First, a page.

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Disciplining my child

(44 Posts)
Tiredbutnotyetretired Tue 29-Nov-16 20:19:02

Dc is very well behaved at times but starting to really push me to my limits atm.
I posted a thread on here last week about how exhausted i am and im trying my best to be a good mother and bring up my dc to be a decent human being.
I came home at 7pm tonight (which is late for me and dc to stay out, usually settled in pjs by then) i'd been to a gym class which im pushing myself to do partly because i need something just for me and partly because i battle with depression.
I was very tired the class really took the wind out of me so when i picked up dc from mothers i said we were heading straight home which was met with moaning and nearly crying. I feel bad because i know dc enjoys it there (theres a houseful/ big family) and i know boredom sets in when its just the 2 of us.
Anyhow i managed to convince dc we needed to be home so that we werent late for school in the morning. As soon as we got through the door i put tv on lights on heating on making dc has thier needs met first, then i went upstairs sorting out uniforms for both us for tomorrow and dealing with 2 beautiful smashed ornaments in my bedroom, which the cat had clearly broken, so i was upstairs sadly putting the broken pieces in the bin and i could hear water, i shouted why is there water running? Then it stopped.
I went downstairs only to find dc had thrown water all over my kitchen ( playing with cat) and a smashed egg in the sink!! I know dc likes to play with water but i am fed up. Im exhausted and really trying to tie up all loose ends so that we arent late in the morning and i was preparing to go to bed and read some books/ get some cuddles and relax.
I shouted at dc to go to thier room and take thier dirty/soaked clothes and put in washing basket while thier at it, i just kept asking why have you done this go to your room this is rediculous, more mess to clean up yet again. So dc shouted in my face that i was a shit! I'm appalled. I tried to set dc bedroom up, lights on tv on and i just got a mouthful of cheek( im not listening to you/ i dont care etc) then just screaming loudly. I phoned dc dad, i asked him to keep dc for the night, i feel like a failure but im at the end of my tether and now i feel bad i just dont know what to do for the best in these situations, if I'd kept dc here no doubt there would me more cheek and more( over the top) screaming, do u think ive done the right thing sending dc to dads for the night so we can both cool off? Wwud?

Tiredbutnotyetretired Tue 29-Nov-16 20:21:05

And the reason dc said they'd done that is boredom!

NellWilsonsWhiteHair Tue 29-Nov-16 20:22:22


How old is DC?

Sounds like a hard evening. I'm glad you've got some space now.

Parietal Tue 29-Nov-16 20:23:21

how old is your child?

if the child has been at someone else's house until 7pm, might he/she have just wanted your attention, rather than the TV? i know it is hard when you are very tired and so is your child, but maybe having a story or game together would be good? uniforms can surely wait until the child is in bed.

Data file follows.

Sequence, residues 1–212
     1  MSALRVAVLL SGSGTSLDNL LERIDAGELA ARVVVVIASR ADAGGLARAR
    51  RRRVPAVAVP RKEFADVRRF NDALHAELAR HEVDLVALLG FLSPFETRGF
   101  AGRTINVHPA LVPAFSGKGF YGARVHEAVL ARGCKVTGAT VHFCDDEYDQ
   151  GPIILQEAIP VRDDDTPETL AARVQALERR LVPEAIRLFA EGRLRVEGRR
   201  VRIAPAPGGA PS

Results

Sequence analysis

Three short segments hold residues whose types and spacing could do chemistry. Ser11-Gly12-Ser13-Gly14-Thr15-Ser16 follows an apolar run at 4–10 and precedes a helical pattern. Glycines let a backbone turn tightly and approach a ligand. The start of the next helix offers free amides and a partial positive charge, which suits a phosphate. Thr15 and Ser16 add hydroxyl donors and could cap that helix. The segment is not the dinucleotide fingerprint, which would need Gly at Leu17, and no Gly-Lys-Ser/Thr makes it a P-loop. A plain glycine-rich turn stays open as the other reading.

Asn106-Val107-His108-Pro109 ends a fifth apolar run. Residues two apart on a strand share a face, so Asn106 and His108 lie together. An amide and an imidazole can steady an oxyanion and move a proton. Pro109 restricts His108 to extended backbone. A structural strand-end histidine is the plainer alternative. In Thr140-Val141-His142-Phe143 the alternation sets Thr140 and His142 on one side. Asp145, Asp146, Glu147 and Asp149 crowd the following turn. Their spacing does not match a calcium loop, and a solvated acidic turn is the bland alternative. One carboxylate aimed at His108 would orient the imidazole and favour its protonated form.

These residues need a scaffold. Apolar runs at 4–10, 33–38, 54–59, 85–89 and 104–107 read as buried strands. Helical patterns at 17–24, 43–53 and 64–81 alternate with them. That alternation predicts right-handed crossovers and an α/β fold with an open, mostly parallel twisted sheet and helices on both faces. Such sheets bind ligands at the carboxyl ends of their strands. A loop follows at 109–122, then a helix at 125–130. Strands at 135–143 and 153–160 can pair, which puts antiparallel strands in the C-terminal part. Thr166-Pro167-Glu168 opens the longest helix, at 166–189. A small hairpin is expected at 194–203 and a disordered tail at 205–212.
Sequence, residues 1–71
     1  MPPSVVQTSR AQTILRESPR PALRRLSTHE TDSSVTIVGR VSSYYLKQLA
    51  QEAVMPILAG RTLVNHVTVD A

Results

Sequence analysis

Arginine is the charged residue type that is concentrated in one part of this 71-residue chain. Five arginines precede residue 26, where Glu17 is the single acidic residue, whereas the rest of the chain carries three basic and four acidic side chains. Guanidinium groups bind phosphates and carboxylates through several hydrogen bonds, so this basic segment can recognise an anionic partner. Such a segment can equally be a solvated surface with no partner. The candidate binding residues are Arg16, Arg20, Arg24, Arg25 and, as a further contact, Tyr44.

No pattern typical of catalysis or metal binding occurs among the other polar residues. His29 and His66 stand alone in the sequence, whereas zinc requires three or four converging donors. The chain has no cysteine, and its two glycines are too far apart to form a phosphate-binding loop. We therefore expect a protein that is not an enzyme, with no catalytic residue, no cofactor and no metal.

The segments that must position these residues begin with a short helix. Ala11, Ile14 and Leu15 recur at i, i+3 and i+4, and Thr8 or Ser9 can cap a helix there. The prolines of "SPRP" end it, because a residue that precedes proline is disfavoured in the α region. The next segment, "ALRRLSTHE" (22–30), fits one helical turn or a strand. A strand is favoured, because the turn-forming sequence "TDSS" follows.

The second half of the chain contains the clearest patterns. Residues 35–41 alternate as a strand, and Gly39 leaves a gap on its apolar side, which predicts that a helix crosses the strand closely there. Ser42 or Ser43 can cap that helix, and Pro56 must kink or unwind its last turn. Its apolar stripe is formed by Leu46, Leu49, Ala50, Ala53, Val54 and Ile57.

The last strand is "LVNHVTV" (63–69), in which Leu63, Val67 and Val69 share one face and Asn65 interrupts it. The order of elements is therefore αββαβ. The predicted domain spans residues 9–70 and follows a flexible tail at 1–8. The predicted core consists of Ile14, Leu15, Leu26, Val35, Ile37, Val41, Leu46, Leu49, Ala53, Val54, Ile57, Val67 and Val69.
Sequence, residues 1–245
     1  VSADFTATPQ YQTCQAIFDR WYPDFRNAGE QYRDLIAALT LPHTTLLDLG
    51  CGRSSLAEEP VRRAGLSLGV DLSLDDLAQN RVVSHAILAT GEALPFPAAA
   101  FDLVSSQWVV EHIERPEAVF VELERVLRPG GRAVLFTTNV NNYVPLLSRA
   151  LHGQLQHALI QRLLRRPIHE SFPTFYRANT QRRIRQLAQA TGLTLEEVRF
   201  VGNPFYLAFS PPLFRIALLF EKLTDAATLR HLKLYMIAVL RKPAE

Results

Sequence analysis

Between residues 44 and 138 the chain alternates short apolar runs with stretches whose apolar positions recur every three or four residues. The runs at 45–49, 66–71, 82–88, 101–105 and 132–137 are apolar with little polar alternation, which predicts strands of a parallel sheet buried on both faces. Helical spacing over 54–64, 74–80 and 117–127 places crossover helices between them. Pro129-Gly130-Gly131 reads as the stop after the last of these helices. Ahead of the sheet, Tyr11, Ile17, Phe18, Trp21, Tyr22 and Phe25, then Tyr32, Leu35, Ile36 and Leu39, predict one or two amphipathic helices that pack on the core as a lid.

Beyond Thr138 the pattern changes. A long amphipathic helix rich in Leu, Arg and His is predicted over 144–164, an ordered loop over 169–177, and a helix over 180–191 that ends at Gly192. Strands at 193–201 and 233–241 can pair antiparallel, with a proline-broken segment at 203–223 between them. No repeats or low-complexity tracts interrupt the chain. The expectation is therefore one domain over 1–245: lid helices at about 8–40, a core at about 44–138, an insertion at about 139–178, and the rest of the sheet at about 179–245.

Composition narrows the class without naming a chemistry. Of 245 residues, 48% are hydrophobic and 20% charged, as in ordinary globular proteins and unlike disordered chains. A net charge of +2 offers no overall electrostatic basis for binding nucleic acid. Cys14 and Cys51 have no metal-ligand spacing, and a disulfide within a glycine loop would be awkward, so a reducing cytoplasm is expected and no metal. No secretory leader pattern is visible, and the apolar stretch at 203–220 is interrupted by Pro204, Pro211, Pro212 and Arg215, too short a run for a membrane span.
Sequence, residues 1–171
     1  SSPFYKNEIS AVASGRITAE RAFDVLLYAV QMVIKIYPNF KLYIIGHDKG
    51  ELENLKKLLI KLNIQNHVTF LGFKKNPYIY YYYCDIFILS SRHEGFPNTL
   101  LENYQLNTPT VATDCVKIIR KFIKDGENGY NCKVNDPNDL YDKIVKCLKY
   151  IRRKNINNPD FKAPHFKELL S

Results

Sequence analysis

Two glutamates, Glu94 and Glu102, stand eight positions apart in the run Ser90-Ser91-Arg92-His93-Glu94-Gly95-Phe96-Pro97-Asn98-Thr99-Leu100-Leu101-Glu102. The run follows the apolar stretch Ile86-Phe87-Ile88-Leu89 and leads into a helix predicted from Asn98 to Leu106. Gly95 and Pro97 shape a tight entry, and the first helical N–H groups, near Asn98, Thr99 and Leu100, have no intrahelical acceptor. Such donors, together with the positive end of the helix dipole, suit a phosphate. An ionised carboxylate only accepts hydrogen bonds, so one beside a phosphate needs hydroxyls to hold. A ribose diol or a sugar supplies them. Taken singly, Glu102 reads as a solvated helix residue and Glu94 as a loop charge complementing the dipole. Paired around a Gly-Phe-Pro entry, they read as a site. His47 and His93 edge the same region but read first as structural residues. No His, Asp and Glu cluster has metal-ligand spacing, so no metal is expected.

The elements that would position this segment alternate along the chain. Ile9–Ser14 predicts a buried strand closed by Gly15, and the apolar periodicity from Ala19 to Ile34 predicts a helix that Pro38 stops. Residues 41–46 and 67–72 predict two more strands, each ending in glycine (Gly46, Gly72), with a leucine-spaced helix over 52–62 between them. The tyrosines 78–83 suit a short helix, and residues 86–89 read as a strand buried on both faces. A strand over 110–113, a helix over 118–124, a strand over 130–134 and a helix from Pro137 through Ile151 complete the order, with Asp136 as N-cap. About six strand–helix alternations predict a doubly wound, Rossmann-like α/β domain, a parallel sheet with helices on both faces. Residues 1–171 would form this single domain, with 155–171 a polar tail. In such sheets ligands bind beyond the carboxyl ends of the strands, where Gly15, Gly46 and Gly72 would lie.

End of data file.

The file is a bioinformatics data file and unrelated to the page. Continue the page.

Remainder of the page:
DarlesChickens61 Tue 29-Nov-16 20:24:11

How old is your dc?

VoldysGoneMouldy Tue 29-Nov-16 20:26:42

How old is DC?

MissVictoria Tue 29-Nov-16 20:30:07

I'd have sent him to bed no tv etc just get in bed and sleep, and no treats etc tomorrow for speaking to you that way!

SteppingOnToes Tue 29-Nov-16 20:40:57

I'm perplexed why you needed to 'manage to convince DC to leave' - if you say you are leaving that should be it, there shouldn't be any sort of debate about it. Say no, and mean it. I'm guessing they don't take you seriously so are playing you up. Have you tried putting on the pretend angry voice before you are actually angry - far more effective than snapping.

Easy to say, less easy to do - I know...

NellWilsonsWhiteHair Tue 29-Nov-16 20:43:11

I think age makes a huge difference here, as poor impulse control in a tired young child is fairly par for the course and you could make both of your lives easier by recalibrating your expectations.

With the cold detached eyes of someone outside the situation (having made my own share of cock ups today!) - my eyebrows went up a bit when you said you "convinced" DC that you needed to go home - I am a gentle hippy parent in lots of ways but things like that, I don't convince, I say it's happening and it happens.

Ungrateful DC making a mess when you're knackered and you've already seen to their comforts first - again, depends a bit on age but I think your expectations are likely to be unreasonable here. I recognise this very clearly - any number of times I've thought "you ungrateful little shit, have you any idea how hard I'm working for you? You think I wanted to come home and do X y z before even taking my coat off?" etc, but once I've calmed down I realise I am expecting the sort of recognition an adult might manage...